Eye findings may be a window on atherosclerosis risk

YOUR DOSE OF MEDICINE - Charles C. Chante MD - The Philippine Star

Plaque occurring around the eyelids may offer clinicians a new way of identifying patients at an increased risk for myocardial infarctions and severe antherosclesis, a study has shown.

“The results from this study suggest that xanthelmata are a cutaneous marker of atherosclerosis independent of lipid concentrations and thus should be considered in clinical practice as an independent and additional risk factor myocardial infarction and ischemic heart disease.”

The presence of xanthelasmata predicted MI; ischemic heart disease; severe aetherosclerosis determined by ankle brachial index; and death, in Danish population-based study of 12,745 patients. However, on multifactorial adjustment for arcus corneae, no hazard rations remained significant. The presence of both xanthelasmata and arcus corneae significantly increased the risk of ischemic heart disease but not any other outcomes after multifactorial adjustment.

Xanthelasmata palperbrarum are sharply demarcated, yellowish flat plaques that appear on the upper or lower eyelids, most often near the inner canthus. Xanthelasmata represent areas of macrophages containing lipids. Arcus cornea (or arcus senilis) is a gravy-white-yellowish opacity that is located near the periphery of the corneae, though separated from the limbic margin by a clear corneal zone. Arcus corneae represents deposits of cholesteryl ester-rich lipid particles. It has been suggested that xanthelasmata and arcus corneae may be markers of proatherogenic changes in the vessels.

“The findings from our study could be of particular value in societies where access to laboratory facilities, and thus lipid profile measurement, is difficult. In this setting, presence of xanthelasmata may be a useful predictor of  underlying atherosclerotic disease. And easy registration of presence of xanthelasmata along with age and sex makes it possible to assess the risk of myocardial infarction and ischemic heart disease and thus to make sure that people at increased risk are managed accordingly with lifestyle changes and treatment to reduce low-density lipoprotein cholesterol,” wrote, a clinical biochemistry, PhD at Rigshospitalet in Copenhagen, and her colleagues.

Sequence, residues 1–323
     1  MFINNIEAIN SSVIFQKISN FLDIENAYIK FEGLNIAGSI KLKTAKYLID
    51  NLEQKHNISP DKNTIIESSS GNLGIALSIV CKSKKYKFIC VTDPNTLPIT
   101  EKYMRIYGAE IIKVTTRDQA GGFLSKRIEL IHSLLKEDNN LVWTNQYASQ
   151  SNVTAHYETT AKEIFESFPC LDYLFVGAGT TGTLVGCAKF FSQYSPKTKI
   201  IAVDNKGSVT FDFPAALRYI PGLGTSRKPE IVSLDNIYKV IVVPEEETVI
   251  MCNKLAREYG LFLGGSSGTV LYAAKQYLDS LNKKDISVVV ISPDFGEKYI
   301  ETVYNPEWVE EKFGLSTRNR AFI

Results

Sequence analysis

They used data from the Copenhagen City Heart Study, which is a prospective cardiovascular study of the Danish general population that started in 1976-1978 with follow-up examinations. A total of 19,329 white women and men of Danish descent were drawn randomly from the Copenhagen Central Person Registry and invited to participate. Data came from a self-administered questionnaire, a physical examination, and blood samples.

For this analysis, the researchers included 12,745 people, for whom complete information on all relevant variables, including xanthalesmata and arcus corneae, were available at baseline. The patients were followed from baseline at the 1976-1978 examination to the end of May 2009 through the use of their unique Central Person Register number. No participants were lost for follow-up.

Trained nurses or medical laboratory technicians determined the presence of xanthelasmata and arcus corneae. The investigators collected and verified diagnoses of MI and ischemic heart disease using ICD-8 and ICD-10 codes by reviewing all hospital admissions, diagnoses entered in the national Danish Patient Registry, all causes of death entered in the national Danish causes of Death Registry, and medical records from hospitals and general practitioners. The prevalence of xanthelasmata was 4.4% and similar in women and men. The prevalence of arcus corneae wa 24.8% overall, but was lower in women than in men (20.1% vs. 30.2%).

Potential patients with ischemic cerebrovascular disease, including ischemic stroke, were collected from the national Danish Patient Registry and the national Danish Causes of Death Registry. Hospital records were reviewed by experienced neurologists. Ankle brachial index, a drop in blood pressure in the legs that predicts severe atherosclerosis, was determined in the 2001-2003 examination of the Copenhagen City Heart Study in 2,773 participants, who had also participated in the baseline examination and had complete information on all relevant variables, including xanthelasmata and arcus corneae. Enzymatic methods were used on fresh plasma samples to measure plasma concentrations of total cholesterol, triglycerides, and high-density cholesterol, the last after preparation of lipoproteins containing apolipoprotein B.

The median follow-up was 22 years. In all, 1,872 participants developed MI, 3,699 developed ischemic heart disease, 1,498 developed ischemic strokes, 1,815 developed ischemic cerebrovascular disease, and 8,507 died.

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